Round 4, 100th overall, Miami WR Travis Benjamin: When they finally got around to taking a receiver, they chose one of the smallest, lightest players in the draft. He’s a shade under 5-10 and 172 pounds. His redeeming quality is blazing, 4.3 speed. At his size, he better be fast, because if any NFL defender – or special teams kamikaze – makes direct contact, he could snap like a No. 2 pencil. Despite his speed, he doesn’t have a great resume as a returner. Grade: C-minus.

Round 4, 120th overall, Nevada LB James-Michael Johnson: He has a bunch of qualities desirable of a middle linebacker, but is said to lack the brute strength to take on blockers at the next level. His determination and motivation is contagious and will serve him well on special teams to begin his NFL career. Grade: C.

Round 5, 160th overall, Colorado OL Ryan Miller: Potentially a valuable swingman. He broke in as a right tackle and finished his college career at right guard. At a towering 6-7 and 321 pounds, some project him returning to tackle in the NFL. He calls himself a nasty player who will “bleed, bite, crawl and scratch to get the job done.” He also played under Marshall, the former Browns line coach. Grade: B.

Round 6, 204th overall, Texas LB Emmanuel Acho: He might not have the athletic ability of younger brother, Sam, a fourth-round pick of Arizona last year, but has the instincts at the position to earn a roster spot on special teams and backup linebacker. Grade: C.

Round 6, 205th overall, Boise State DT Billy Winn: If you switch his draft position with that of Hughes, they fall in line with their pre-draft projections. He has more initial quickness than Hughes, giving him some penetrating rush potential. He completes the effort to upgrade the defensive line depth inside. Grade: B.

Round 7, 245th overall, Arizona CB Trevin Wade: He rebounded from a poor junior season to recoup his draft status. He has some good ball skills and is very aggressive. Not a great tackler. Grade: C-minus.

Round 7, 247th overall, Alabama FB-TE Brad Smelley: A hybrid fullback-tight end type who can save the team a roster spot by filling two roles. Grade: C.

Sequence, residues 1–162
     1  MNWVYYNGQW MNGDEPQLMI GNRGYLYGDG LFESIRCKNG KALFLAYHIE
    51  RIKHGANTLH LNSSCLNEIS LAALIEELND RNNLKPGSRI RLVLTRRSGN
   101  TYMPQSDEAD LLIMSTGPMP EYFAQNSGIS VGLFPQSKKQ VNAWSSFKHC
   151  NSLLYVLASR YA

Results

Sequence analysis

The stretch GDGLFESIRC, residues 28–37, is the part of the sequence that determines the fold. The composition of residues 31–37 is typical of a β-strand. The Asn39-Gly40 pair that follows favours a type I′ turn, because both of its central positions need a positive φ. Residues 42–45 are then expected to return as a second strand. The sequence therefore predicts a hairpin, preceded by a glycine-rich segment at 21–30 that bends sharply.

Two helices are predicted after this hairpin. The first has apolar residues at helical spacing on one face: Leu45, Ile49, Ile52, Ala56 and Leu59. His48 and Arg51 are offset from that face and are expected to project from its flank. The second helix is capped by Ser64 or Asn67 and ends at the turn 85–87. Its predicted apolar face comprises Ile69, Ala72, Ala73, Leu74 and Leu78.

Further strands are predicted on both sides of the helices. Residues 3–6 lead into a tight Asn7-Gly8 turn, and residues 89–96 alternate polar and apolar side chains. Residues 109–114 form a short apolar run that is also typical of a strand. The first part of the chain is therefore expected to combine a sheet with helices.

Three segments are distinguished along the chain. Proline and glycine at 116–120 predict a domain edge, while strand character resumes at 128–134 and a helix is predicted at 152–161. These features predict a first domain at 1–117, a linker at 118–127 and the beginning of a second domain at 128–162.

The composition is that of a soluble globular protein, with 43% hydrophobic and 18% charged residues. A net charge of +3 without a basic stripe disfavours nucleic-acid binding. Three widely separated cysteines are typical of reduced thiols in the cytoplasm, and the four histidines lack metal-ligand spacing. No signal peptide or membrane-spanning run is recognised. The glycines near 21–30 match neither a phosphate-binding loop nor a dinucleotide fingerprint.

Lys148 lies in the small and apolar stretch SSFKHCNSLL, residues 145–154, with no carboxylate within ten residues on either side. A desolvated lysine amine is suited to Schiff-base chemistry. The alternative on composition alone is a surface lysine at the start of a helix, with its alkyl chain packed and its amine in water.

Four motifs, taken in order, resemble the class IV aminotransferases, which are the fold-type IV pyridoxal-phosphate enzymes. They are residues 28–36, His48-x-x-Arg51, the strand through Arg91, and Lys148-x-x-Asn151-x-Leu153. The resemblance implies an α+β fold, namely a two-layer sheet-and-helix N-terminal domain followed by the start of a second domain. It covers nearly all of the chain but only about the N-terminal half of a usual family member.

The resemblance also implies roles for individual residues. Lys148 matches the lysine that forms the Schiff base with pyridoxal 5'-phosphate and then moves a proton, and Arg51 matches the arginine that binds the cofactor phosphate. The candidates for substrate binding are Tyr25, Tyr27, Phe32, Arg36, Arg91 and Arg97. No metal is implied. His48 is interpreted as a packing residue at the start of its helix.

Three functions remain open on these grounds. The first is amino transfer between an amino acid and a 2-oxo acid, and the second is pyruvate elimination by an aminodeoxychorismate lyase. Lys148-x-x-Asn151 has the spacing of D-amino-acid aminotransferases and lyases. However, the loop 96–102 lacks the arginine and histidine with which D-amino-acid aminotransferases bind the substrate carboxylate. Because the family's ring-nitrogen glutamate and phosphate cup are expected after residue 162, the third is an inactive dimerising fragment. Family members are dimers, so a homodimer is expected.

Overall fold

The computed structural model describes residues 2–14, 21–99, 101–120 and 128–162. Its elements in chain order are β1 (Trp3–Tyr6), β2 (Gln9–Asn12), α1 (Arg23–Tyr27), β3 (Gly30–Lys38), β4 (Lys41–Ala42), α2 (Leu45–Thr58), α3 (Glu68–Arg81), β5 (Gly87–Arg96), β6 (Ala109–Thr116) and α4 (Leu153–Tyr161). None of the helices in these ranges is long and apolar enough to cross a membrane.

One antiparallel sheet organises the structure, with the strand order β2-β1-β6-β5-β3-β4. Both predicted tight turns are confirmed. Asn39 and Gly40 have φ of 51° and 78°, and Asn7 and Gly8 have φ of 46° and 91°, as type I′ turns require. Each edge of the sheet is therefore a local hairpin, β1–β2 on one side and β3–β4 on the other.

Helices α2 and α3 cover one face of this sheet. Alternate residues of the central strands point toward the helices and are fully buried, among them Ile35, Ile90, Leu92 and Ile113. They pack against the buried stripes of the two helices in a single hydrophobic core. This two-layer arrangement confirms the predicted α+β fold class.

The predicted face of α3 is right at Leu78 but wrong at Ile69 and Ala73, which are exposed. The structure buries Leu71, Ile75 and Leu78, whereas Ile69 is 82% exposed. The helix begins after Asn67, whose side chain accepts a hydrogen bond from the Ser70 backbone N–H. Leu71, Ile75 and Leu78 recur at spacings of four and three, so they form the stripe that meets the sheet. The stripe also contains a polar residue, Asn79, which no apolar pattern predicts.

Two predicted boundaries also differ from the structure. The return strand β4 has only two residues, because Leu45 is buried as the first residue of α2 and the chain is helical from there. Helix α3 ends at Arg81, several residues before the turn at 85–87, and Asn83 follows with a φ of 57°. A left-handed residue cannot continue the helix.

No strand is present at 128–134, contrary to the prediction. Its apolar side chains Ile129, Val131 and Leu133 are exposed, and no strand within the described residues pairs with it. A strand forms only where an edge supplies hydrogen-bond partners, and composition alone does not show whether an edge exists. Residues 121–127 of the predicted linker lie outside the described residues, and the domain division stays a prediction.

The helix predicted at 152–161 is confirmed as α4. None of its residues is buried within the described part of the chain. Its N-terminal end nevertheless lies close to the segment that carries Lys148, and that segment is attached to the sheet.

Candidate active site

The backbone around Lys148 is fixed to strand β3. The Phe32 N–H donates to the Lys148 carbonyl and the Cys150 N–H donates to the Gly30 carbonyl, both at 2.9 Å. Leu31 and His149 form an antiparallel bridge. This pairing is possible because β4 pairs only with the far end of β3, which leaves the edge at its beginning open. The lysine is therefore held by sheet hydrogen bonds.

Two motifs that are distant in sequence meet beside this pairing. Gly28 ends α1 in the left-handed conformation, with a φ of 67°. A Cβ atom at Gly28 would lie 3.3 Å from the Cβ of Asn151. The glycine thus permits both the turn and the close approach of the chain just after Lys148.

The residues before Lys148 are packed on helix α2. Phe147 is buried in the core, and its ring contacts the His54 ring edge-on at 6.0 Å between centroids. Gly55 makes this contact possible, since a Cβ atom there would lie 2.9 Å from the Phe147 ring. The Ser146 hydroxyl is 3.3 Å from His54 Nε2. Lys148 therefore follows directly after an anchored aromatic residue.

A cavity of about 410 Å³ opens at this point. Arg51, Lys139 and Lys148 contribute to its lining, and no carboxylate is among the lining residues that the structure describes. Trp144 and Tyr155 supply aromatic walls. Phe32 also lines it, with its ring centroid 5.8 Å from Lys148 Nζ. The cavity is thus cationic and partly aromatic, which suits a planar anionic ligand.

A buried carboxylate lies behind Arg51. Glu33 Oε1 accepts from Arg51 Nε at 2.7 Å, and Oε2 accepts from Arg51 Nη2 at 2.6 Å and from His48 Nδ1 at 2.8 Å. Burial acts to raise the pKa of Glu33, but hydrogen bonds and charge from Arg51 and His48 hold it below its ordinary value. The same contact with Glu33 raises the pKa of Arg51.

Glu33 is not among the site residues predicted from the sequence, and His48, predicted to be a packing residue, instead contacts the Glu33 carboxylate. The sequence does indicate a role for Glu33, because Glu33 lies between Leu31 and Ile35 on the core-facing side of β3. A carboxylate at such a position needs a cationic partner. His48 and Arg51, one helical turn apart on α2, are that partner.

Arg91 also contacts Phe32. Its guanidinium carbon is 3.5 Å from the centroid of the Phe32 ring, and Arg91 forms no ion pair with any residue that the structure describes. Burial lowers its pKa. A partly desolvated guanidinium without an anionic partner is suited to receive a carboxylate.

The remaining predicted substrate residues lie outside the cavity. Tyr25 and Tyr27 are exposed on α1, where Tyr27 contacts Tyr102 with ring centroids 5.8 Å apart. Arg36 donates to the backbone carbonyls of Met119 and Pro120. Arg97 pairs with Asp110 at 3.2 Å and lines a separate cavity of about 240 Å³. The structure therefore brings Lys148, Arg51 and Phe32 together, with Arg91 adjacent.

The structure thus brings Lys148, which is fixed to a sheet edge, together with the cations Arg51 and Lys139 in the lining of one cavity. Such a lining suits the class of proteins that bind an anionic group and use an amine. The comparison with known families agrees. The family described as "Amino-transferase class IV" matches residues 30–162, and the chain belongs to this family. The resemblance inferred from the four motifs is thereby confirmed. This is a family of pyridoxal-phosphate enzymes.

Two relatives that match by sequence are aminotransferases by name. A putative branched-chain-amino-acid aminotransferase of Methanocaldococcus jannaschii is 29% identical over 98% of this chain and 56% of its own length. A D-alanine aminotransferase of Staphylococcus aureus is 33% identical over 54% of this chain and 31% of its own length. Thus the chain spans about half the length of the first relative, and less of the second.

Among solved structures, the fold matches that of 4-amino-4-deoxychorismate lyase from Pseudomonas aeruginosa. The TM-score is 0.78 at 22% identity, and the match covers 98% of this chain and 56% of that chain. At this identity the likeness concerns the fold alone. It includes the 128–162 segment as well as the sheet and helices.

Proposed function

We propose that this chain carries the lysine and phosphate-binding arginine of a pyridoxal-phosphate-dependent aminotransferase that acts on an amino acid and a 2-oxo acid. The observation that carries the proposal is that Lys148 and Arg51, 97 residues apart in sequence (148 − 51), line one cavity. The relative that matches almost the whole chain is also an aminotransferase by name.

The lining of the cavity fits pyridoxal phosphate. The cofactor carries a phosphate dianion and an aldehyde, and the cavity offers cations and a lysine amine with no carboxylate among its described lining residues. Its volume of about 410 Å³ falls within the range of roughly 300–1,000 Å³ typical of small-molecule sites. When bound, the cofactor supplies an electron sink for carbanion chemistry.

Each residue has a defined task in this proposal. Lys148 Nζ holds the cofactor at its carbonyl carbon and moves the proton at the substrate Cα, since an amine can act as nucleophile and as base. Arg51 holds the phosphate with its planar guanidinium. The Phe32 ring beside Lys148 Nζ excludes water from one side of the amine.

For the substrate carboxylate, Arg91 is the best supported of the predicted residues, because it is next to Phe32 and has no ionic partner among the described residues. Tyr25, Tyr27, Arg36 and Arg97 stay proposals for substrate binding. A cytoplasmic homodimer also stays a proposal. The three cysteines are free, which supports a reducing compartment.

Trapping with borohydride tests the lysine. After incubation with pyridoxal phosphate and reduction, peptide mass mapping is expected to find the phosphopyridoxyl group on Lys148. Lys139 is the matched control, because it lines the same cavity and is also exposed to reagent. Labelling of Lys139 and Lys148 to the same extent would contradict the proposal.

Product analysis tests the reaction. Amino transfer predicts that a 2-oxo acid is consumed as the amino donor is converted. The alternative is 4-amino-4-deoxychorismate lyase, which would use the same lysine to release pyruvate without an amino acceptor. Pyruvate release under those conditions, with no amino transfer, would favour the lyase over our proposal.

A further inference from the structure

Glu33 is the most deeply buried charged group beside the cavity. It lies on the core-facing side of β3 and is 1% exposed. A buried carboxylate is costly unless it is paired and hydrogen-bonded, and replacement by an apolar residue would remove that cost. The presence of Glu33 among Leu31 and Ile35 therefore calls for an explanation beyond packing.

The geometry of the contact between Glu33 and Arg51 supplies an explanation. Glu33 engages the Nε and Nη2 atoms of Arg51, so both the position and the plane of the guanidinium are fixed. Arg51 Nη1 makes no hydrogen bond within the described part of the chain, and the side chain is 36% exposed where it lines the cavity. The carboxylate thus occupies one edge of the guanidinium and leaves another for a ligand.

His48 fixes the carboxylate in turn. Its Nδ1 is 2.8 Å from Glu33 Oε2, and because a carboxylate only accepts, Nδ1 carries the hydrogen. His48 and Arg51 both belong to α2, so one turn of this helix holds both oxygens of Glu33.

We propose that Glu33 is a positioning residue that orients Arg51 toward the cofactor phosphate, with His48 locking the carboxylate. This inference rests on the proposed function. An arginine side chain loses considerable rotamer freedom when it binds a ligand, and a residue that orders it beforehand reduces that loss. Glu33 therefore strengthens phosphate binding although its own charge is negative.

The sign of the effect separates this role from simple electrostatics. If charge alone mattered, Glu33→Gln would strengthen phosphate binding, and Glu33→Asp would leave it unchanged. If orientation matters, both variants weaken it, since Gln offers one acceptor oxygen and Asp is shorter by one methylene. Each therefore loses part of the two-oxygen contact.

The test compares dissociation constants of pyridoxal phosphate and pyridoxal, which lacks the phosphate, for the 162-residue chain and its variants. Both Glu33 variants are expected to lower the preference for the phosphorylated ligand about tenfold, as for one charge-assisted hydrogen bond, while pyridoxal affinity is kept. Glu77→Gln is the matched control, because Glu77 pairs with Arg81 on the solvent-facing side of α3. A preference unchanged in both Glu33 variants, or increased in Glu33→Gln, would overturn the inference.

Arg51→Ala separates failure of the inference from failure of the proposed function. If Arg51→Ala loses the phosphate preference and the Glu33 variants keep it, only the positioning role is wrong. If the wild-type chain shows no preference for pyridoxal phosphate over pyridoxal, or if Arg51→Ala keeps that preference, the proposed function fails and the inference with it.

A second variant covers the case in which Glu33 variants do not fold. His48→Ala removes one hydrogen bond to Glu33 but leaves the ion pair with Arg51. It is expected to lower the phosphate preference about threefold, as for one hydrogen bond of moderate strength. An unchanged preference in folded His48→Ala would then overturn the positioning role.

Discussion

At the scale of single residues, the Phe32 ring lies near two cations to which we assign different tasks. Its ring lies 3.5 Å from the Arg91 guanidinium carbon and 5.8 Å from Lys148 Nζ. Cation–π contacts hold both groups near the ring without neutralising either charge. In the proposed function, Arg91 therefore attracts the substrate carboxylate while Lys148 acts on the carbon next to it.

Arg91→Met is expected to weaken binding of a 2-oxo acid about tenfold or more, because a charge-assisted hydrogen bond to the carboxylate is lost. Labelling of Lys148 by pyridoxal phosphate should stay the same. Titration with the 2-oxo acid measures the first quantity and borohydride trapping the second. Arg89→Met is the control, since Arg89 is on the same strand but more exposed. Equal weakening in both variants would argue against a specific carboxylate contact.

* Traded Nos. 4, 118, 139 and 211  to Minnesota for No. 3:This was done to insure no team jumped ahead to steal Richardson. At least one national online columnist contended the Browns were bluffed into moving up when no other team was interested. The Browns disputed that, saying they knew what offer the Vikings had in hand. When you have 13 picks, using three late ones to insure your No. 1 target is a small price. According to the draft value chart, which might be obsolete, the difference in No. 3 and No. 4 is 400 points. The value of the Browns’ three picks surrendered was 101.5 points – chicken feed. Ultimately, those picks were used on Arkansas WR Jarius Wright, Notre Dame S Robert Blanton and Rice DE Scott Solomon. Trade grade: B.

* Traded No. 67 to Denver for Nos. 87 and 120: This was an absolute baffler. The Browns moved down and took Hughes at No. 87 and picked up a fourth-round pick. Heckert said he immediately second-guessed himself because he feared somebody would snatch Hughes. By moving down, the Browns lost out on receivers DeVier Posey of Ohio State (No. 68 by Houston) and Mohamed Sanu (No. 83 by Cincinnati). They then used No. 120 on Johnson. Trade grade: D.

Tony Grossi covers the Browns for ESPN 850 WKNR, ESPN 1540 KNR2 and

He has covered the Browns with distinction since 1984 and is one of 44 voters for the National Football League Hall of Fame. Email your “Hey Tony” questions to

Follow Tony on Twitter @tonygrossi